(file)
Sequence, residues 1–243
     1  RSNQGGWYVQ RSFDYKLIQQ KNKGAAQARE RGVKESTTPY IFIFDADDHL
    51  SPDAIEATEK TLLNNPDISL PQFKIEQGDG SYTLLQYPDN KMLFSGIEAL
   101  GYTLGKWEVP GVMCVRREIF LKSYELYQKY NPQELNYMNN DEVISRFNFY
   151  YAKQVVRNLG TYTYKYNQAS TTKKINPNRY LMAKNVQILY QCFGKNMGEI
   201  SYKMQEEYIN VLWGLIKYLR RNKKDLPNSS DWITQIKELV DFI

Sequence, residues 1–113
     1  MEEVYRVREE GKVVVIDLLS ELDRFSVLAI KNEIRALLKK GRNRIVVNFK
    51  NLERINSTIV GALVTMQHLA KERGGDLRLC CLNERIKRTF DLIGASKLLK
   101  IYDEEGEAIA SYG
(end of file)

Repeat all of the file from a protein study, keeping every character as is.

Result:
Sequence, residues 1–243
     1  RSNQGGWYVQ RSFDYKLIQQ KNKGAAQARE RGVKESTTPY IFIFDADDHL
    51  SPDAIEATEK TLLNNPDISL PQFKIEQGDG SYTLLQYPDN KMLFSGIEAL
   101  GYTLGKWEVP GVMCVRREIF LKSYELYQKY NPQELNYMNN DEVISRFNFY
   151  YAKQVVRNLG TYTYKYNQAS TTKKINPNRY LMAKNVQILY QCFGKNMGEI
   201  SYKMQEEYIN VLWGLIKYLR RNKKDLPNSS DWITQIKELV DFI

Sequence, residues 1–113
     1  MEEVYRVREE GKVVVIDLLS ELDRFSVLAI KNEIRALLKK GRNRIVVNFK
    51  NLERINSTIV GALVTMQHLA KERGGDLRLC CLNERIKRTF DLIGASKLLK
   101  IYDEEGEAIA SYG